at the Union Buildings in Pretoria
Buenos Aires – Argentina set up a massive nationwide party on Sunday, closing streets and setting up giant screens across the country for the World Cup final against Germany.
The match featuring national hero Lionel Messi is one of the most important match in the football-mad nation’s history, and Argentines could speak of little else as they loaded up on food and drink and went through pre-game rituals.
“Out of superstition, I’m going to wear a shirt that I haven’t washed since the World Cup started and that I’ve worn for every match since we kicked off against Bosnia,” said Martin Gonzalez, a 35-year-old engineer, as he stocked up on beer in Buenos Aires’s upscale Palermo neighborhood.
Argentina treats football with the reverence of a religion. The national team however has not been to the World Cup final since 1990, and has not won it since 1986.
Winning in Brazil would be a huge boost for national self-esteem at a time when Argentina is mired in economic troubles and struggle to pay defaulted debt.
“I’m living these final hours in a state of extreme anxiety, nerves, hope, emotion and anguish. For Argentina, it’s the greatest thing that could possibly happen, not just on the level of football but as a country,” said German Vazquez, a 33-year-old real estate broker.
An estimated 100 000 Argentines are expected in Rio de Janeiro on Sunday, taking charter jets or driving in convoys of cars. Many made the six-hour trip from Sao Paulo where Argentina beat the Netherlands in the semi-final on Wednesday.
Back home, their compatriots are plotting the best spot to watch on TV and decking the country out in sky blue and white.
The heart of the party is Plaza San Martin in Buenos Aires, where 50 000 people gathered for the semi-final and many more are expected to watch the final – if rain that drenched the city on Saturday lets up.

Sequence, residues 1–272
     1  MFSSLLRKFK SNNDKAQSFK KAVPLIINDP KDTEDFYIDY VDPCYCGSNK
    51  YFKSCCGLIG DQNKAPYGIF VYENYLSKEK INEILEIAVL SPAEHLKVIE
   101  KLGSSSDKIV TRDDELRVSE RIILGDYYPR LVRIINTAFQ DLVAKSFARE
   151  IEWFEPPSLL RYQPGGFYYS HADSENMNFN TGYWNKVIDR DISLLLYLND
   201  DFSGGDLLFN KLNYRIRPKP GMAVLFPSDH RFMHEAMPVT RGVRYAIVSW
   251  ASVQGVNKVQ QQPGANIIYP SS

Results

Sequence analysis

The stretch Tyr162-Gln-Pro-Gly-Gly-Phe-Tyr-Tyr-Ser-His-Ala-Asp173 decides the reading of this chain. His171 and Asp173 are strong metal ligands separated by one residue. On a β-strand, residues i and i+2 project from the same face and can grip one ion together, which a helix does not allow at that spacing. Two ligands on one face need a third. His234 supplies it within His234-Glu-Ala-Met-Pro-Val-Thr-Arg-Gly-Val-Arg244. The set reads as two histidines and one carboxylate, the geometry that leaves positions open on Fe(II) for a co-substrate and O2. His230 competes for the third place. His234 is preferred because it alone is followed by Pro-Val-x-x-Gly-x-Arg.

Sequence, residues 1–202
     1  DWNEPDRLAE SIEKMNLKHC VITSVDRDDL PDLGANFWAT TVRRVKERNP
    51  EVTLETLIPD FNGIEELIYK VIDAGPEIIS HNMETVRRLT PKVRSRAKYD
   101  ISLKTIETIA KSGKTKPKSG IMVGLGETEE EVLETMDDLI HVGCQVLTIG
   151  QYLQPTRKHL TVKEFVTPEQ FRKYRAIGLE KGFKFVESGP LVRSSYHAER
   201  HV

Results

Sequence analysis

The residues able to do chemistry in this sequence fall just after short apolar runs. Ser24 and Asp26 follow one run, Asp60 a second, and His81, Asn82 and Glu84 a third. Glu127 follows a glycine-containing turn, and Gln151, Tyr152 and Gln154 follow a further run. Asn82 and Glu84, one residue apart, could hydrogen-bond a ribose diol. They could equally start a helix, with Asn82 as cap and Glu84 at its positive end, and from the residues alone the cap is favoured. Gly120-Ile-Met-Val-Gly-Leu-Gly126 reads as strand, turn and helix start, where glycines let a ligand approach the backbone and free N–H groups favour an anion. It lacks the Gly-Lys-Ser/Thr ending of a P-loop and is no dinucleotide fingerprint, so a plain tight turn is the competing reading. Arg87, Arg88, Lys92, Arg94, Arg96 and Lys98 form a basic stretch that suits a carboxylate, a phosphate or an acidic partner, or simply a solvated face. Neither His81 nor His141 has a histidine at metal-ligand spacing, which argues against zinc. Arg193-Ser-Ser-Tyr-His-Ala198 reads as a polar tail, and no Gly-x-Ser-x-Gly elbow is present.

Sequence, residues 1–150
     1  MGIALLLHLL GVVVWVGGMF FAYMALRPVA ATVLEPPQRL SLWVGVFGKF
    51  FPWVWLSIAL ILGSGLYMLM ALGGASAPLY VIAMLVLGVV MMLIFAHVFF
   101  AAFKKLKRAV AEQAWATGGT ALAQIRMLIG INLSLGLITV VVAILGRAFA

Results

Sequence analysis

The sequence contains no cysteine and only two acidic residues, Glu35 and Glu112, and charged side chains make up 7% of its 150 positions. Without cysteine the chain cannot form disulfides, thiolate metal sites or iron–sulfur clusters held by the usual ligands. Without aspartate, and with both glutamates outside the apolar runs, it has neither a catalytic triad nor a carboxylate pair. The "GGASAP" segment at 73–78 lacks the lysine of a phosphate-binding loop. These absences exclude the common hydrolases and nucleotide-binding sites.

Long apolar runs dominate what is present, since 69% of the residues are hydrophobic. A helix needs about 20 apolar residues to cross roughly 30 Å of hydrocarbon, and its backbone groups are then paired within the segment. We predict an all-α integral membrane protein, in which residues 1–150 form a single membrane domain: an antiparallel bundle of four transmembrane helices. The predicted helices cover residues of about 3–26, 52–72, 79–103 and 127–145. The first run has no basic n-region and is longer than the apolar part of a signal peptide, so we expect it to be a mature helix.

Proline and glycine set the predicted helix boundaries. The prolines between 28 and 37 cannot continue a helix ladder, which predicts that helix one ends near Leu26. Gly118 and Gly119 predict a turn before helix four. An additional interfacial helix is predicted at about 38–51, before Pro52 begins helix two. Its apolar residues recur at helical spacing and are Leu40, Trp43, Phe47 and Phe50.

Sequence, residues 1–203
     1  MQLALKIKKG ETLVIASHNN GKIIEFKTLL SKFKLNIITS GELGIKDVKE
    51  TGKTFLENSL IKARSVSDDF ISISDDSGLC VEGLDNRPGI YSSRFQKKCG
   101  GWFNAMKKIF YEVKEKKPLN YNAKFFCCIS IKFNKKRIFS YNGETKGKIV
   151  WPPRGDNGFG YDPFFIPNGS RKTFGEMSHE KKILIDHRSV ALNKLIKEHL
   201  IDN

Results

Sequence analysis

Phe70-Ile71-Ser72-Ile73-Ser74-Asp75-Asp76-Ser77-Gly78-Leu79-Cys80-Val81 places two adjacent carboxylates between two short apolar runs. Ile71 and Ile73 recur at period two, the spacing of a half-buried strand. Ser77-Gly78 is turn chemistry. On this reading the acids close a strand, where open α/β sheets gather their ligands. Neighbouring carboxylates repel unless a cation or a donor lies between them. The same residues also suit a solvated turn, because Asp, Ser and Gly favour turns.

If Argentina wins, millions of people are expected to descend on the capital’s iconic Obelisk in celebration, rain or not.
Police said they would post extra officers around the monument in the event of an Argentine victory.
The city is setting up jumbo TV screens for the fans, including one at Plaza San Martin that measures 26 square metres and another in Centenario Park that measures 66 square meters.
Street vendors and shops are selling so many $20 counterfeit jerseys – the authentic official jersey costs nearly $100 – that they have had to place special orders for more, said saleswoman Ana Maria Gutierrez.
In residential suburbs, Argentine flags sprouted on balconies in abundance, while stores that normally stay open well into the night posted signs saying they would close one to two hours before the match.
Even the city subway has been swept up in the excitement, displaying a “Let’s go Argentina!” message on digital screens at station entrances.
Across the country, communities were planning day-long festivals building up to the match.
From Guaymallen in the west to Gualeguaychu in the east, cities and towns organised children’s activities, theatre festivals, concerts, football tournaments and fairs.
Foreign journalists have descended on the country seeking the best spots to chronicle the excitement.
Hotels around the Obelisk and Plaza San Martin are charging $500 to $800 a night for the rooms with the best views of the festivities.
Messi and his teammates are expected to arrive back in Buenos Aires on Monday morning – either to a massive party and parade to the city centre, or to the heartbreak of 40 million disappointed fans. – Sapa-AFP